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A new look at polyamory
Researchers estimate that as many as 5 percent of Americans are currently in relationships involving consensual nonmonogamy — that is, permission to go outside the couple looking for love or sex.
The boundaries in these relationships are remarkably varied, with some couples negotiating one-off "swinging" or partner-swapping experiences. and others forming stable bonds among three, four or five partners simultaneously. The latter is a version of polyamory, relationships in which people have multiple partnerships at once with the full knowledge of all involved.
Polyamorous people have largely flown under the radar, but that's beginning to change as psychologists become intrigued by this unusual group. The first annual International Academic Polyamory Conference takes place Feb. 15, 2013 in Berkeley, Calif., and ongoing studies are examining everything from how jealousy works in polyamorous relationships to how kids in polyamorous familes fare. Though there's a lot left to learn, initial findings are busting some myths about how love among many works.
Myth 1: Poly people are unsatisfiedSlide 2 of 11
Myth 1: Poly people are unsatisfied
When someone goes outside a relationship looking for companionship or sex, it's natural to assume there's something missing from their romance. But that doesn't appear to be the case for polyamorous individuals.
Melissa Mitchell, a graduate student in psychology at the University of Georgia, conducted research while at Simon Frasier University in Canada on 1,093 polyamorous individuals. The participants were asked to list a primary partner and a secondary partner (more on that later), and they averaged nine years together with their primary and about two-and-a-half years with their secondary.
Mitchell and her colleagues surveyed their participants about how satisfied and fulfilled they felt in their relationships. They found that people were more satisfied with, felt more close to and more supported by their primary partner, suggesting that their desire for a secondary partner had little to do with dissatisfaction in the relationship. And satisfaction with an outside partner didn't hurt the primary relationship. [6 Scientific Tips for a Successful Marriage]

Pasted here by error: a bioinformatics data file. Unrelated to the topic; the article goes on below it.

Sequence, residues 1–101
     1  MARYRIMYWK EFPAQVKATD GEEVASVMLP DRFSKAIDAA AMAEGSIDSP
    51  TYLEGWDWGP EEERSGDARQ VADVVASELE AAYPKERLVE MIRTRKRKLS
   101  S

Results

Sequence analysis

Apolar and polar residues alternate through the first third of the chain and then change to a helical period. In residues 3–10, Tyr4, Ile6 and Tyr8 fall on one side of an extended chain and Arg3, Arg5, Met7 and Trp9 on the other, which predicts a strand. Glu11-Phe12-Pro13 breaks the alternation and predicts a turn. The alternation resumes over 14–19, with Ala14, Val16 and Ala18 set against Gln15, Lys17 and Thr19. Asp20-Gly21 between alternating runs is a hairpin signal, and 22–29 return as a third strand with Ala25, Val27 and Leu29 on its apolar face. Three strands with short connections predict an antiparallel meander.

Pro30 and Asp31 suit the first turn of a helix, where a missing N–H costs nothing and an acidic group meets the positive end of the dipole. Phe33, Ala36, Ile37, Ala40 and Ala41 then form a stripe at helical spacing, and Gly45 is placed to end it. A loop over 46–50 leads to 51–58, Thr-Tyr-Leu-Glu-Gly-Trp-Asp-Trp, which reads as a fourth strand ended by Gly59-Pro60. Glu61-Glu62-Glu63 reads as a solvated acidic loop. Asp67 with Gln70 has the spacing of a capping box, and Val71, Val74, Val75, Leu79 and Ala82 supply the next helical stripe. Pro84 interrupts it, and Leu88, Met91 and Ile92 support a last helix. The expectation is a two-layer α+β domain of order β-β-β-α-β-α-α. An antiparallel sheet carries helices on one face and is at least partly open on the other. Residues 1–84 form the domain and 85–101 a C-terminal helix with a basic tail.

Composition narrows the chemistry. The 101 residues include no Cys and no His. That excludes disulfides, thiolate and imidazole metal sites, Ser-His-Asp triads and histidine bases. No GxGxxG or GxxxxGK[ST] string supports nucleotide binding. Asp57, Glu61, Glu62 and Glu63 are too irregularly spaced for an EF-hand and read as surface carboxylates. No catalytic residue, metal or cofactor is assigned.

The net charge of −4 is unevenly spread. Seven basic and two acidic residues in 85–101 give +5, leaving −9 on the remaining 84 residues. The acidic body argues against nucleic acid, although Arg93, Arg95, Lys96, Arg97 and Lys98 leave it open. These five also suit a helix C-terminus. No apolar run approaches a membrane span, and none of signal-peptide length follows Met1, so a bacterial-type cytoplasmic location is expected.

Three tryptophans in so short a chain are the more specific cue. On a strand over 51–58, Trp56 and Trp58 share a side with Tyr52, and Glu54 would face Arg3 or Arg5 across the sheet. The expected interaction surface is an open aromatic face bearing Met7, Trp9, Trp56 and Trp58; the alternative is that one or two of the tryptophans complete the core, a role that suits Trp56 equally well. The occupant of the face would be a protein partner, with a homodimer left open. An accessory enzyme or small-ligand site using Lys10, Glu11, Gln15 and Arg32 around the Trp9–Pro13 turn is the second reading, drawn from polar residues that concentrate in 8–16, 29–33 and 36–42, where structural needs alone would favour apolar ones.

"Polyamorous relationships are relatively independent of one another," Mitchell said in January at the annual meeting of the Society for Personality and Social Psychology in New Orleans. "We tend to assume in our culture that if you have your needs met outside your relationship, some kind of detrimental effect is going to result, and that's not what we find here."Slide 3 of 11
Myth 2: Poly people are still paired upSlide 4 of 11
Myth 2: Poly people are still paired up
Many polyamorous people do form relationships that orbit around a committed couple, with each person having relationships on the side. But the primary partner/secondary partner model is an oversimplification for many poly relationships, said Bjarne Holmes, a psychologist at Champlain College in Vermont.
"I'd say about 30 percent or so of the polyamorous population would say they think of one partner as being primary," Holmes told LiveScience. "A large part of the population would say, 'No, I don't buy into that idea of primary or secondary.'"
Many polyamorous people resist that hierarchy and say they get different things out of different relationships, Holmes said. There are also many people who live in triads or quads, in which three or four people have relationships with each other or with just one or a few members of the group.
"What I've come across most is actually configurations of two males and a female living together," Holmes said.Slide 5 of 11
Myth 3: Polyamory is a way to avoid commitmentSlide 6 of 11
Myth 3: Polyamory is a way to avoid commitment
Research by Amy Moors, a graduate student at the University of Michigan, finds that people whose relationship style involves little emotional entanglement often say they'd love a polyamorous relationship, thinking that they could have the benefits of coupledom without too much attachment.
Wrong. Joining a polyamorous relationship and thinking it's going to be a commitment-free breeze would likely be a huge mistake. For one thing, plenty of polyamorous relationships are very serious and stable — Holmes says he's interviewed people who've been legally married for 40 years and in a relationship with a second partner for 20.
Secondly, successful polyamorous partners communicate relentlessly, Holmes said: "They communicate to death." It's the only way to ensure that everyone's needs are met and no one is feeling jealous or left out in a relationship that involves many people.Slide 7 of 11
Myth 4: Polyamory is exhaustingSlide 8 of 11